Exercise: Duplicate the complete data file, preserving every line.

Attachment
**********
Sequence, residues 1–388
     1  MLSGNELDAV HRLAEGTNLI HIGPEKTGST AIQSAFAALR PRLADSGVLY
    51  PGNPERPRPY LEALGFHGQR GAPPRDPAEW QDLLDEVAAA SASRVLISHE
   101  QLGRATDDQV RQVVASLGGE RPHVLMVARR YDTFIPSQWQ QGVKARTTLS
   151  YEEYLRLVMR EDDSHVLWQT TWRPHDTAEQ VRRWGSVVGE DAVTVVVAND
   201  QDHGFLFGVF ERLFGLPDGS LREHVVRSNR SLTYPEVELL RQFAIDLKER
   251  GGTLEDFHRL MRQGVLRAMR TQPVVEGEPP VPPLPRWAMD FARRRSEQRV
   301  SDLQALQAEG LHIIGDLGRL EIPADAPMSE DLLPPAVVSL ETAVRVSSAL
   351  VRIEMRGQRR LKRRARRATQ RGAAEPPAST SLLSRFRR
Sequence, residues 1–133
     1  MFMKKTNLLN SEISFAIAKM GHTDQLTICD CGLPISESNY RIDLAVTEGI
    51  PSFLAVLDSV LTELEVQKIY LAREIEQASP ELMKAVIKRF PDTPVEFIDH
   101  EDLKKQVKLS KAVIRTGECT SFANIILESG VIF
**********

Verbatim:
Sequence, residues 1–388
     1  MLSGNELDAV HRLAEGTNLI HIGPEKTGST AIQSAFAALR PRLADSGVLY
    51  PGNPERPRPY LEALGFHGQR GAPPRDPAEW QDLLDEVAAA SASRVLISHE
   101  QLGRATDDQV RQVVASLGGE RPHVLMVARR YDTFIPSQWQ QGVKARTTLS
   151  YEEYLRLVMR EDDSHVLWQT TWRPHDTAEQ VRRWGSVVGE DAVTVVVAND
   201  QDHGFLFGVF ERLFGLPDGS LREHVVRSNR SLTYPEVELL RQFAIDLKER
   251  GGTLEDFHRL MRQGVLRAMR TQPVVEGEPP VPPLPRWAMD FARRRSEQRV
   301  SDLQALQAEG LHIIGDLGRL EIPADAPMSE DLLPPAVVSL ETAVRVSSAL
   351  VRIEMRGQRR LKRRARRATQ RGAAEPPAST SLLSRFRR
Sequence, residues 1–133
     1  MFMKKTNLLN SEISFAIAKM GHTDQLTICD CGLPISESNY RIDLAVTEGI
    51  PSFLAVLDSV LTELEVQKIY LAREIEQASP ELMKAVIKRF PDTPVEFIDH
   101  EDLKKQVKLS KAVIRTGECT SFANIILESG VIF